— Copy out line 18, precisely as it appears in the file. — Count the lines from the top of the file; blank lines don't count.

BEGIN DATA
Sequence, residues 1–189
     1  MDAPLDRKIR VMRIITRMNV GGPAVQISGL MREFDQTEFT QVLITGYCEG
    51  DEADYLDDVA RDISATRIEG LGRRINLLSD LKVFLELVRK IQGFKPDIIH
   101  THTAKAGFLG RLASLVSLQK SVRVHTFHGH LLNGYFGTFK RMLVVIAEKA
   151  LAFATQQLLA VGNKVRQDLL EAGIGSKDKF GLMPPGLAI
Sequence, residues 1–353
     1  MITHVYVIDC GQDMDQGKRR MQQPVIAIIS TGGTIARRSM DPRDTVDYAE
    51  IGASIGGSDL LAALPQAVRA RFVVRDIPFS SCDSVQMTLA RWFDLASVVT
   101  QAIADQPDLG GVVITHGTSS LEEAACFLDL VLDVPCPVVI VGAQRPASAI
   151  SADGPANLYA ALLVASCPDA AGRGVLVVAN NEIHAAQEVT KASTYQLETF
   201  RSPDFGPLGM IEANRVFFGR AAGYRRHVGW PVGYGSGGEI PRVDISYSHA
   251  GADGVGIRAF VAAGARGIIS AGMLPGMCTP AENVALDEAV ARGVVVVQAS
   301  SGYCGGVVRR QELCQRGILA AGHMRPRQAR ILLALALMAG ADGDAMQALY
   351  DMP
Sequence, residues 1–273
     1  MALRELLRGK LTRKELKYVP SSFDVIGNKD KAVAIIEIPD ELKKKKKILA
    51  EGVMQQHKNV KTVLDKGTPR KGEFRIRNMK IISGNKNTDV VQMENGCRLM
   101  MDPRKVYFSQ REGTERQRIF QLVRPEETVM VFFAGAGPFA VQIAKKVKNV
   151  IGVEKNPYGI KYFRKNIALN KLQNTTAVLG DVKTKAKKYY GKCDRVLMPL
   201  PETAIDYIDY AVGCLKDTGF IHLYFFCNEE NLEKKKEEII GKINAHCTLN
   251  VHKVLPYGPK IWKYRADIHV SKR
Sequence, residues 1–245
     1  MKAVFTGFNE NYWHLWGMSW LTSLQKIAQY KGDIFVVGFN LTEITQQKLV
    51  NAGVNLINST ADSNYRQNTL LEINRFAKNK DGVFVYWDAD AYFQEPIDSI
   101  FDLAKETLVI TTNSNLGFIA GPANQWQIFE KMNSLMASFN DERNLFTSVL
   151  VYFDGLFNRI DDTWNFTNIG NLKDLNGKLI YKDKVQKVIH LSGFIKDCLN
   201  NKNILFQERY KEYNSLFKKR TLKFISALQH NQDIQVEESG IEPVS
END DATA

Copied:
   101  MDPRKVYFSQ REGTERQRIF QLVRPEETVM VFFAGAGPFA VQIAKKVKNV